• The market near the main place in the medina (at the Bab El-Mansur) has incredible fresh products. Lots of different kinds of olives, sweets, pickles, etc.


Those looking to find a watering hole in Meknes have come to the right place - in Morocco, anyway. For some strange reason, Meknes seems to have more bars than people. Only a few are suitable for the average traveler, however.

  • Le Pub, Avenue Allal Ben Abdellah. Open daily until midnight. One of the only places in Meknes where women will feel comfortable finding a drink, this lively pub has two floors; the bottom is where the music and "scene" happens. 15-45dh bottle beers only, 50dh cocktails (Try the local wines; Guerrouane and Amazir are particularly tasty. Shisha (hookah tobacco) costs 50dh).
  • Novelty, Top of Rue de Paris. Open daily until midnight. This recently renovated pub is rumored to be owned by Italians, which would explain the lovely wood decor. It's also the only place in Meknes to drink draught beer. 15dh-45dh draft/bottle beers, 50dh cocktails (Wine is served by the bottle only).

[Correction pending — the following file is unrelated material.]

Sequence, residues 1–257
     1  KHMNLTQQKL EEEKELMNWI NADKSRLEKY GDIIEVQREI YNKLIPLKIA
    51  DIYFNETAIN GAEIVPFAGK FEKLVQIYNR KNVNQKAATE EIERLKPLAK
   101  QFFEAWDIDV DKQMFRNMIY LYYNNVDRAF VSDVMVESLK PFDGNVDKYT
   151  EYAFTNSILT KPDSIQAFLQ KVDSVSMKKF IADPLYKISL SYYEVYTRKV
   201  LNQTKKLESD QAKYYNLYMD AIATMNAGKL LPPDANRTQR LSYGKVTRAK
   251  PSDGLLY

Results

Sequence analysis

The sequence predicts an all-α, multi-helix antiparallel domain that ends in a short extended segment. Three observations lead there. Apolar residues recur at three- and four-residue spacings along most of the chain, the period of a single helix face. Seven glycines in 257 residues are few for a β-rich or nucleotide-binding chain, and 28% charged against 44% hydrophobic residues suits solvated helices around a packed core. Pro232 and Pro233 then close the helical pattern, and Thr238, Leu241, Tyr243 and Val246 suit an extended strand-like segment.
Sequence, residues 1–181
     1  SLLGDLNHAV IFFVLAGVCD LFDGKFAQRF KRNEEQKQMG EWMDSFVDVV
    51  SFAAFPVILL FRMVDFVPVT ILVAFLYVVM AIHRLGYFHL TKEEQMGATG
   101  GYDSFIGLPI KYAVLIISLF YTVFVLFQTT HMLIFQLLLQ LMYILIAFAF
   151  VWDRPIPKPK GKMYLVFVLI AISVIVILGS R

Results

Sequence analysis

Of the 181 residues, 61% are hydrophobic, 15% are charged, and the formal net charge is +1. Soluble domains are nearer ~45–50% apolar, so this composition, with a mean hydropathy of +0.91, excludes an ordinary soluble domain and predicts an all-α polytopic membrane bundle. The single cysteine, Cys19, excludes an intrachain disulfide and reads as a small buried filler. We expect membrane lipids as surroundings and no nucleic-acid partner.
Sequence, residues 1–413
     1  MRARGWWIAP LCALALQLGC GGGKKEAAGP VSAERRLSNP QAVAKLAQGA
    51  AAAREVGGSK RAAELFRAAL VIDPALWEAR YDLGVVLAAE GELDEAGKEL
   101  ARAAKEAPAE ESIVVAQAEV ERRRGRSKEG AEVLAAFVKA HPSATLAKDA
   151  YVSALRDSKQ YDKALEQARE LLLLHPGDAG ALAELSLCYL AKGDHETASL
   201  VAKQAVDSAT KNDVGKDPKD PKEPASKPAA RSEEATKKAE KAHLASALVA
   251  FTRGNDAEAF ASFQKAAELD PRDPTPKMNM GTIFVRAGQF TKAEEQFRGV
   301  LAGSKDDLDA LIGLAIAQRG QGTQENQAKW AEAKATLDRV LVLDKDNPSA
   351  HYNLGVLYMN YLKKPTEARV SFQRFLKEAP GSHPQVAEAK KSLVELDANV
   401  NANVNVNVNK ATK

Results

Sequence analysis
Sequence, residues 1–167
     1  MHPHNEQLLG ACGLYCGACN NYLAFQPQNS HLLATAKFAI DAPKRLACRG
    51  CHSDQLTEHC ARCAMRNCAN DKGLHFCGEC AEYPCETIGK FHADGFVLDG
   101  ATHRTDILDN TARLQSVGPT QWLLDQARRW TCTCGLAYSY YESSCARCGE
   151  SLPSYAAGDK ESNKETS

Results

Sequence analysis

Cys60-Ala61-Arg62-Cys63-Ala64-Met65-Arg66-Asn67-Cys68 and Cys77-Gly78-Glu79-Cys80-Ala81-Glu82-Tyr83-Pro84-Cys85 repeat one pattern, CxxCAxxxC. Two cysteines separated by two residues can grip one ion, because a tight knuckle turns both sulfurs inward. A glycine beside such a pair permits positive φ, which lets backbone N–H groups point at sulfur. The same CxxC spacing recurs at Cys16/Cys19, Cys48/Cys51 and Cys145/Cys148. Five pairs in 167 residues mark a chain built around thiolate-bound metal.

• Hotel Zaki. See restaurant listing. Open late. The only place to drink outdoors in Meknes - 'nuff said. 17dh-50dh, 50dh-100dh cocktails.


Meknes isn't a shopper's paradise, but it's certainly cheaper than nearby Fez! The medina is chock full of traditional Moroccan clothing and rugs, as well as the popular Moroccan shoe, bilgha.. it's also known for it's iron made articles; the local artisanal speciality. The best way to enter the medina is at the back of Place Hedim, next to Dar Jamai. Herein you can find many shops catering to tourists. If you sojourn a bit deeper into the medina, you'll find plenty of unique shops selling jewelry, household goods, and other treasures.

Be sure to bargain! Don't accept the shopkeeper's first offer - not only does it ruin it for tourists who come after you, but it also goes against Moroccan custom. The easiest way to bargain, particularly without knowledge of French or Arabic, is to offer exactly half of the given price (or 75% for expensive or large-scale items). From there, the shopkeeper will go down a bit; you are expected to raise your price slowly until you come to an agreement.

If you can't agree on a price, try walking out of the store - this will generally lower the price significantly. And try not to be too stingy - the value of an item is your appreciation of it, not its ticket price.

This article is based on Creative Commons Attribution/Share-Alike 3.0 Licensed text from the article Meknes on Wikivoyage.